Home As e de hot #PinkOctober: Tori Wey Dey Touch Heart. See The Story Of Serah Shimenenge...

#PinkOctober: Tori Wey Dey Touch Heart. See The Story Of Serah Shimenenge Wey Be Cancer Survivor.

From Left to Right, Dr. Laz Eze, the executive director PinkOak Cancer Trust, Serah Shimenenge, cancer survivor, and Rita Iorbo, the source of the testimony.

Yoruba people go say, who shit for road, no go remember, na who pack the shit, go continue to remember. No be lie say who do good or bad, fit no remember, na who them do good or bad to naim go continue to remember. This na true story of one cancer survivor wey PinkOak been support some times back, Just so that we no go remove or add to her testimony or do any small faboo for the story, we decide say make we publish am, exactly how she talk am.

E contain so many white-man gramma, but make una manage am for us.

THIRTY-SIX year old Serah Shimenenge YUGH is one hell of a fighter anyone would like to know about. As I listened to this brave lady narrate her story of struggles to a large audience at the Nicon Luxury Abuja, I was wowed at her doggedness and will power to overcome the failed health system in Nigeria, beat the monster called cancer and live happily as a survivor!
In 2015, Shimenenge was in Ado Ekiti as a corps member. Soon after resumption, she noticed some worrisome development in her body– weight loss. Doctors carried out tests and said she was okay. Dissatisfied with the results, she explained to the doctors that she had lost about 25kg from 56kg and needed more investigations. They still assured her that, she was okay and therefore, no additional tests were done.

Shimenenge returned to Benue in 2016 after completing the youth service. At the federal medical center, Makurdi where she went for further investigations, a doctor talked her down for being too expectant and living in fear. With some bit of attitude, the doctor sent her for some tests, which she could not afford. She had N5,000 only, against the N7,500 she was required to pay.
On this fateful day, Shimenenge watched on TV, the then First Lady of Osun conducting cancer awareness campaigns. Shimenenge followed the tips on self examination and discovered a lump in her left breast.
Determined to face the monster, Shimenenge returned to the hospital, this time, the teaching hospital and requested to be checked of cancer. The doctor was dissatisfied with the result, which read, “a non-malignant tumor found. A malignant tumor found.” Shimenenge was sent to repeat the test.
Before the second results would come out, she noticed skin colour change on her left breast. Immediately, she checked on Google, “if you detect a lump in your breast, and also notice skin colour change?” The answer was “cancer.” This young woman locked herself up and cried profusely but refused to talk to her family about her personal findings.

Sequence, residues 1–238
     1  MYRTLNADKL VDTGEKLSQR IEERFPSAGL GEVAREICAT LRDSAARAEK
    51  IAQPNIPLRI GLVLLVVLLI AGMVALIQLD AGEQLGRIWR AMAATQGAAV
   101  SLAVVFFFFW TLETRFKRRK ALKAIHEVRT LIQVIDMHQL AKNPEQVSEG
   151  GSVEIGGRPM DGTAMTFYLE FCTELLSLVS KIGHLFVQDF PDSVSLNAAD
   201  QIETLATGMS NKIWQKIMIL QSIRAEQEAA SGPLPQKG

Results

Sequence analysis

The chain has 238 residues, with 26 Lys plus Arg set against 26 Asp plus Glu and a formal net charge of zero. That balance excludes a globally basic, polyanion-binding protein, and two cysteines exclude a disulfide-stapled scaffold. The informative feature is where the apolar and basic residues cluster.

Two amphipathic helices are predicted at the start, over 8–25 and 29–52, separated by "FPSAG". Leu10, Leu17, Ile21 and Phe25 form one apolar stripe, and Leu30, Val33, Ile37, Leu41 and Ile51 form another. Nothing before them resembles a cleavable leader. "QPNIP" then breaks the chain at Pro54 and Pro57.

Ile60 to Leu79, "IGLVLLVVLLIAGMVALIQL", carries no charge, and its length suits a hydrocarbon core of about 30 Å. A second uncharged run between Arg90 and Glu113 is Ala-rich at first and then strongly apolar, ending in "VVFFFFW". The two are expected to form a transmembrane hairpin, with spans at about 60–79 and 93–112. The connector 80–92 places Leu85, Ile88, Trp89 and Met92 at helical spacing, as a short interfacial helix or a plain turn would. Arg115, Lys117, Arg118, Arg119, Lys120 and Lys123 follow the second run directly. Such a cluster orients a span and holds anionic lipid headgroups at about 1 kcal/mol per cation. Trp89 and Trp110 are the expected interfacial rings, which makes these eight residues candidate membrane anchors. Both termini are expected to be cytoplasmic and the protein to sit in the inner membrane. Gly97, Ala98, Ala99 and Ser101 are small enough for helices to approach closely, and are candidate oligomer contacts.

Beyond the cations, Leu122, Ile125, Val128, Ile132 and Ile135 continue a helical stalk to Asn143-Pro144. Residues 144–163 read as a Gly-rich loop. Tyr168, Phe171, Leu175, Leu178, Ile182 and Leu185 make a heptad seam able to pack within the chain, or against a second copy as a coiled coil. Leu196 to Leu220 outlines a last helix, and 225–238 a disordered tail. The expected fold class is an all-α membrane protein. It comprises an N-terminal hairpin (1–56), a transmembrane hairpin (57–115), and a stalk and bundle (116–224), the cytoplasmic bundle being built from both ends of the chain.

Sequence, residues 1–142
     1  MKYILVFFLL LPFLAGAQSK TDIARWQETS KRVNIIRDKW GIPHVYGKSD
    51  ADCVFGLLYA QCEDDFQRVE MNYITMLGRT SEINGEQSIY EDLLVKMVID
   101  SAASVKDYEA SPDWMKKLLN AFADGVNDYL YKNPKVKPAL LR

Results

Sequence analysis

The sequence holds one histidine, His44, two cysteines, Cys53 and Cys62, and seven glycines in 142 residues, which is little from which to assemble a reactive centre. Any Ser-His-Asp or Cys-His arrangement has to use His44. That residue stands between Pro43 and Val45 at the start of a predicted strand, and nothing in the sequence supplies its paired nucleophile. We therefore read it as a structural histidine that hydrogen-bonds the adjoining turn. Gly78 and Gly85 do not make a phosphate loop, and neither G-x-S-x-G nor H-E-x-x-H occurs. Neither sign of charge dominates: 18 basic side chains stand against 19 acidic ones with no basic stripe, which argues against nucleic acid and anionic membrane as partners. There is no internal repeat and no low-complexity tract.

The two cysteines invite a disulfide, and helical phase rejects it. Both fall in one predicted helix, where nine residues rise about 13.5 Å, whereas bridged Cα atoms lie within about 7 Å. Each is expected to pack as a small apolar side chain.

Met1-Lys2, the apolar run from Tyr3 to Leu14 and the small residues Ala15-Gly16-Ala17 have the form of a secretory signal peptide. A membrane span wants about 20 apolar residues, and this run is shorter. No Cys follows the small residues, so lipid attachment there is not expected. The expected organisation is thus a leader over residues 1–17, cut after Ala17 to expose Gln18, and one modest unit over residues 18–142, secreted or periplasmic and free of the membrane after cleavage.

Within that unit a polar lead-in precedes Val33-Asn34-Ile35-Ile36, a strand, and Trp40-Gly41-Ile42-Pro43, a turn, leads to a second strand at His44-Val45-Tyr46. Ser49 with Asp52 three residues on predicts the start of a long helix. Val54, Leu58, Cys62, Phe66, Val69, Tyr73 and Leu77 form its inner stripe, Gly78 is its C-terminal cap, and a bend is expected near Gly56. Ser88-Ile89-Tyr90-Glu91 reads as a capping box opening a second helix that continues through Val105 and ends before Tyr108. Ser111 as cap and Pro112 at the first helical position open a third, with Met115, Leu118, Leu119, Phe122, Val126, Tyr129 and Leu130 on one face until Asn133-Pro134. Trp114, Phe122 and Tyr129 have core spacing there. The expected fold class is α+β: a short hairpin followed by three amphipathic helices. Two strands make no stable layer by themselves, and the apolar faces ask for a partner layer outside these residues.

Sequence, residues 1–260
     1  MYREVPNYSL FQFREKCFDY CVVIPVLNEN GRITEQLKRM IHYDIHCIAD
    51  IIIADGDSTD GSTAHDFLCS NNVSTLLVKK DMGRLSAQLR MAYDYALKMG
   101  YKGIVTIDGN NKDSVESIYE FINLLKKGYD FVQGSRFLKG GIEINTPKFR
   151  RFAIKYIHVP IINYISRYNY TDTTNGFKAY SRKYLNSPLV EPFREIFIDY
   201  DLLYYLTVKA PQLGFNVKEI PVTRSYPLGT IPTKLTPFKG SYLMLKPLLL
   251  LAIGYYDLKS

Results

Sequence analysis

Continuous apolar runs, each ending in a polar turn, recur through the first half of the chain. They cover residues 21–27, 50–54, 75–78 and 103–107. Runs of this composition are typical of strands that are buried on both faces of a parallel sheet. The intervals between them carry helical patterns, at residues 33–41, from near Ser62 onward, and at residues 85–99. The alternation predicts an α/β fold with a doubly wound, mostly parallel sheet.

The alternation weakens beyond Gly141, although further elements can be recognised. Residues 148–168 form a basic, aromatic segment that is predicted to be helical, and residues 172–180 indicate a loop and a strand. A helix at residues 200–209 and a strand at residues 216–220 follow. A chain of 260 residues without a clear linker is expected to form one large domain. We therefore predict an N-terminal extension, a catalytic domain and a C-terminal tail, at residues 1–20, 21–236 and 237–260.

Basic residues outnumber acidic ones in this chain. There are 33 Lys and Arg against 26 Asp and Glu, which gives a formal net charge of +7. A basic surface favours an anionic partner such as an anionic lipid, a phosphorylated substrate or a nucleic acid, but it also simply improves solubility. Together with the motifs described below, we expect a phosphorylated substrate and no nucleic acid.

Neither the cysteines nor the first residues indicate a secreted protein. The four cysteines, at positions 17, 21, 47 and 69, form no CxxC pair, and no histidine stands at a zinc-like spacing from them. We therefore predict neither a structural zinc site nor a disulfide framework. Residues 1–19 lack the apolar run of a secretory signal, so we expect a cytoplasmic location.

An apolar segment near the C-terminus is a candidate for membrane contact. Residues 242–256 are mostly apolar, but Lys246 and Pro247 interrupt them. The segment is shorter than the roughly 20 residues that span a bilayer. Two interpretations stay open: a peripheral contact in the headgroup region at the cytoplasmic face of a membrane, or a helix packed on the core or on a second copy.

The results later confirmed her fears. Her mom was opposed to breast removal but her uncle encouraged her to decide what she wanted and he’d go with her all the way. Shimenenge hit Google again, this time, to know if anyone had survived cancer through Orthodox or traditional treatment. She found three survivors give account of successful treatment through surgeries, chemo, etc. and opted for same.
A day before she’d be taken for surgery in September 2017, doctors at the Benue State University teaching hospital downed their tools, protesting months long non-payment of salaries. The surgeon however, handed her case to a senior doctor before embarking on the strike action.
Two days after the surgery, Shimenenge was taken to the Intensive Care Unit because the teaching hospital was shut down completely. She remained there for 7 days and discharged. With the help of her second doctor, she was referred to see an Oncologist in his home (because the university was shut) and also to a contract nurse who together, saw her through scans and chemotherapy  while the strike lasted.

With the financial support of her uncle, Shimenenge successfully had the surgery and commenced treatment. However, going further with radiotherapy, her family needed support. Shimenenge queried Google “which NGOs in Nigeria support cancer patients financially.” She got multiple NGOs, however, her first search was *Pink Oak*. She sent them a message via Facebook and they directed her to their partners; *Project Pink Blue*. Pink Oak raises funds to support cancer patients but they do not deal directly with the patients. They have partners who investigate claims, make recommendations and follow up through treatment, where applicable.
In 2019, Shimenenge successfully completed the radiotherapy at the national hospital, Abuja, with the joint support of Pink Oak who paid N6000,000 and Project Pink Blue, who saw her through every step of the way.

Shimenenge was a co-panelist of the Honourable Minister of Health at the National Health Dialogue organised by Premium Times. She called on the government of Nigeria through the Minister, to make cancer awareness campaigns visible; and also advised medical doctors and health workers to learn to be patient and courteous with patients.
The story of Miss Serah Shimenenge Yugh is not just that of a cancer survivor but also of hope and inspiration; of a resilient and dogged fighter, who refused self-pity and explored all avenues within her reach to get help. 
In this photo with me, are Miss Serah Shimenenge Yugh in the middle, and Dr. Laz Eze– Executive Director, Pink Oak. Dr. Eze was meeting Shimenenge for the first time even though he was the one that responded to her e-messages and directed her to Project Pink Blue.

TalkHealth9ja dey hope say with this kind of testimony, e go ginger our government, oganizations and interested persons to donate to beat cancer.



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